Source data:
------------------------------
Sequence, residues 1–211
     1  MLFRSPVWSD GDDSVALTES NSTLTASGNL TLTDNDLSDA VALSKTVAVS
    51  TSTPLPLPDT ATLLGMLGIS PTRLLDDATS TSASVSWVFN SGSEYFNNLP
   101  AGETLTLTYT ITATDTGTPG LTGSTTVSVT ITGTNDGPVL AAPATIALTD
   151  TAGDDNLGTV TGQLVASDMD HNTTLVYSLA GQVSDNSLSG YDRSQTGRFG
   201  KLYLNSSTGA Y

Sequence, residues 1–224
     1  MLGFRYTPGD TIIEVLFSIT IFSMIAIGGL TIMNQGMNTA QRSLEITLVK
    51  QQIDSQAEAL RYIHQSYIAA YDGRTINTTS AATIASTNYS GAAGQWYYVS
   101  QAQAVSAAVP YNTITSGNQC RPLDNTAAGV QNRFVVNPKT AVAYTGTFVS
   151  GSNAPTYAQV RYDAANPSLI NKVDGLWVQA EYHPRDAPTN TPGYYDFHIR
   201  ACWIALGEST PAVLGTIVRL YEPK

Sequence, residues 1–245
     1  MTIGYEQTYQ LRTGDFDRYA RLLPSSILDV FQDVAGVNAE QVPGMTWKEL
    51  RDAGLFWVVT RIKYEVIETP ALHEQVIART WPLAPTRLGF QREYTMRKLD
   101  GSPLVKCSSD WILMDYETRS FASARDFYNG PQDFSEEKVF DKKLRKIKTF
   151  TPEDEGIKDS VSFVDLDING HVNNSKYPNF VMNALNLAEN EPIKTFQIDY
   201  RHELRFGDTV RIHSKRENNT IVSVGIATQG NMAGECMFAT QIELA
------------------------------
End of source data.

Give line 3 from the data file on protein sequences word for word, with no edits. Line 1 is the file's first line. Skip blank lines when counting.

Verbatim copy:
    51  TSTPLPLPDT ATLLGMLGIS PTRLLDDATS TSASVSWVFN SGSEYFNNLP